National Review Online recently asked me to choose a short stack of books for summer reading. To see my list, go here.
Archives for July 6, 2011
WEDNESDAY No, this isn’t a vacation. (What’s a vacation?) I have to hit my weekly deadlines regardless of where I am at any given moment, so I got up shortly after sunrise and spent the morning writing and polishing my Wall Street Journal review of House & Garden while Mrs. T slept.
After I finished Friday’s drama column and e-mailed it to my editors in New York, we ate omelets at a seaside spot a couple of blocks from our front door, then hit the beach. I’m one of those indoor types who gets sunburned roughly a minute and a half after stripping off my shirt. Instead of repining, I accepted the inevitable and plunged promptly and heedlessly into the sea, knowing that I’d pay the price a day or two later. It was, as always, worth it. Those who grow up landlocked don’t take waves for granted. Indeed, I like listening to the ocean as much as I like swimming in it. No big surprise, I guess, but I never get tired of hearing the surf.
For dinner we went to our favorite Cape May restaurant, Louisa’s Cafe, a hole-in-the-wallish seafood place whose cuisine is too eccentric for most tourists (every dish on the menu comes with brown rice and cabbage slaw on the side) but which suits us right down to the ground. The dining room is so tiny that you have to call at the start of the week to make a reservation, but we managed to wangle one. Mrs. T and I shared bluefish, crabcakes, and a generous helping of dark chocolate bread pudding, then strolled through town to the First Presbyterian Church of Cape May, in whose handsome polygonal sanctuary the East Lynne Theater Company performs. Along the way we stopped to call my brother in Smalltown, U.S.A., who told us that my mother, who nearly died three weeks ago, will go home from the rehab center on Friday. They don’t make ’em like they used to!
THURSDAY Because of the way my schedule works, Mrs. T and I have to grab our weekends whenever and wherever we can. Ours came today. No shows and no deadlines, so we slept late, then spent the rest of the day on the beach. (Oh, to be able to squeal like a small boy riding a big wave!) In the evening we took a sunset dinner cruise on a Cape May Whale Watch boat, which cruised up and down the coast as we nibbled on pizza and hot dogs and scanned the horizon in search of whales, dolphins, and pretty clouds.
FRIDAY I rose at seven, toasted a bagel, planted myself in a rocking chair on a porch across the street from the Atlantic Ocean, and spent the morning reading Simon Morrison’s The People’s Artist: Prokofiev’s Soviet Years, wishing with all my heart that we didn’t have to leave after lunch. The hardest part of living out of a suitcase is that you’re forever leaving places that you love.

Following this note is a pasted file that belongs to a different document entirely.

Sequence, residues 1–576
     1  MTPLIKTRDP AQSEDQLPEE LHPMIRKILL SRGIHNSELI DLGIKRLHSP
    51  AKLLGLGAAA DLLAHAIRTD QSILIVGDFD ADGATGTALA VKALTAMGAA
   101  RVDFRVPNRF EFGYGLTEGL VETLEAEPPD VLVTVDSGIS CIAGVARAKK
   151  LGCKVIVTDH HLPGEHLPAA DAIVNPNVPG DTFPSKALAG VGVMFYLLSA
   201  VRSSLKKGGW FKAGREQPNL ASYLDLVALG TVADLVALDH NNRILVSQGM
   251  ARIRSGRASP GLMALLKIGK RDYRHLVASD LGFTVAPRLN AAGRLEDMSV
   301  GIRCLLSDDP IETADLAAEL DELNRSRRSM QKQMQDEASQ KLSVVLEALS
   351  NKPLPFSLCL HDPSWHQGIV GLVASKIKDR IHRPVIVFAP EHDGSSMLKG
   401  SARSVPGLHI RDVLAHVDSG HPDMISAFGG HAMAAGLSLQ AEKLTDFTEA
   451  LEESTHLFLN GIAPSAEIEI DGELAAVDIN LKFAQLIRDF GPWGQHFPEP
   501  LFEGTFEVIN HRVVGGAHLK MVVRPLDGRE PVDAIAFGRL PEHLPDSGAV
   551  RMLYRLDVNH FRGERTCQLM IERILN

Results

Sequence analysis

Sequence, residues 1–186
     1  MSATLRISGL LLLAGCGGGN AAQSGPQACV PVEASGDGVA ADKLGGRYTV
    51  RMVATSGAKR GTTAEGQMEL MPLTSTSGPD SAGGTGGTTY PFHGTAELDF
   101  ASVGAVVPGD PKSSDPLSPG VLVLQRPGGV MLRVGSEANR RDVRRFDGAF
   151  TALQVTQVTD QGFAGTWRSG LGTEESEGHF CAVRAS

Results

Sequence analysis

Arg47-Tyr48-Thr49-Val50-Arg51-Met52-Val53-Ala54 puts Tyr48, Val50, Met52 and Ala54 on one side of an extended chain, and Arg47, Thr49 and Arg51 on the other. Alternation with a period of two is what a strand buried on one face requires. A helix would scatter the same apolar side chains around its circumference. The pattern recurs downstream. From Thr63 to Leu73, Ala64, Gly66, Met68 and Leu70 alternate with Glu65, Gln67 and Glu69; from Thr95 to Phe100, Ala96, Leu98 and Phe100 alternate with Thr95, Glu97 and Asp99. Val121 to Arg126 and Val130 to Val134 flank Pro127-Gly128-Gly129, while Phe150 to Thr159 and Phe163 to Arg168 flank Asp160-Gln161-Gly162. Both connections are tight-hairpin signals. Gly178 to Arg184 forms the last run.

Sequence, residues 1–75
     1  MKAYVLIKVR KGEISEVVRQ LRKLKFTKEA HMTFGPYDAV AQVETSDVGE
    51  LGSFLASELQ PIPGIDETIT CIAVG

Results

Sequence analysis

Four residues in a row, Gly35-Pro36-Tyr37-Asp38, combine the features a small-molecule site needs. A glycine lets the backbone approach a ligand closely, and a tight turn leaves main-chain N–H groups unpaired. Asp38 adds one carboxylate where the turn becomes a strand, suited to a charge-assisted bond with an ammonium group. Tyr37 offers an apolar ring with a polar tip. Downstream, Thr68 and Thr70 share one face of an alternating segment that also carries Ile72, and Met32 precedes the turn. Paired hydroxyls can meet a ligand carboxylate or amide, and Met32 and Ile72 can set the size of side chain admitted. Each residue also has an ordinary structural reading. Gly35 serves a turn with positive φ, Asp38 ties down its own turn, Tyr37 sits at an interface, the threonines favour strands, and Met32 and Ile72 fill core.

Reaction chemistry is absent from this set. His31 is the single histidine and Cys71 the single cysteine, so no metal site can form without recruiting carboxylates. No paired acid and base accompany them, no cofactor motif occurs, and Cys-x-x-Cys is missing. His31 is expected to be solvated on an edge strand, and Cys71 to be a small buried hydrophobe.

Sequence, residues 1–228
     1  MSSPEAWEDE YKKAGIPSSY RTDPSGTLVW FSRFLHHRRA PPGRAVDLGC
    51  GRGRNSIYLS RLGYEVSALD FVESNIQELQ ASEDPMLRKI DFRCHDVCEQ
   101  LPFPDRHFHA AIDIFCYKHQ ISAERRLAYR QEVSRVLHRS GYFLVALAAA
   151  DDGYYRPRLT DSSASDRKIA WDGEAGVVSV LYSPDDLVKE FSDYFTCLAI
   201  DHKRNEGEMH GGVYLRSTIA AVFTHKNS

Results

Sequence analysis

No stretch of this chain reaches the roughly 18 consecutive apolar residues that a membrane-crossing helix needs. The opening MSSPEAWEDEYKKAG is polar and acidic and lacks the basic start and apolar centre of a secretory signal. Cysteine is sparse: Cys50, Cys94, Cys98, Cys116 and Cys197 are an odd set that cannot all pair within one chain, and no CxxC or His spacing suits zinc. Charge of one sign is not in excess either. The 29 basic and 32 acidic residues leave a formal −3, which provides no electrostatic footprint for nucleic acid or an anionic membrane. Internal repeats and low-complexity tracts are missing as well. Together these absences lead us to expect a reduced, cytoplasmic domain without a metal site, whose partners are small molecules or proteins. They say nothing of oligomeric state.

I’ve been on a Prokofiev-Shostakovich kick for the past week, and Morrison’s book, which somehow escaped my attention when it was published in this country last fall, is a major contribution to the Prokofiev literature, a brutally honest study of a self-centered émigré composer who returned to the Soviet Union in order to advance his career, then discovered to his dismay that life there was infinitely harder and more hazardous than he’d been led to believe. It doesn’t make for pretty reading, though I don’t love Prokofiev’s music less for having learned that he was a ruthless opportunist–especially given the fact that he paid so high a price for his selfish folly.
At noon Mrs. T and I headed back to Connecticut. It took us nine hours to get there, three more than usual. In order to take our minds off the unmitigated hell of pre-Fourth-of-July traffic, we fired up the CD deck and listened to the Byrds, Neneh Cherry, Kiss Me, Kate and Lee Wiley all the way home, then fell with relief into bed and got a good night’s sleep.
(Last of three parts)
A rare, undated sound film of Sergei Prokofiev playing an excerpt from his operatic version of War and Peace, followed by a brief Russian-language interview:
For a translation, go here and scroll down.
To hear Prokofiev speak in English, go here.
(This is the latest in a weekly series of arts-related videos that appear in this space each Wednesday.)
“It takes a great deal of Christianity to wipe out uncivilized Eastern instincts, such as falling in love at first sight.”
Rudyard Kipling, “Lisbeth”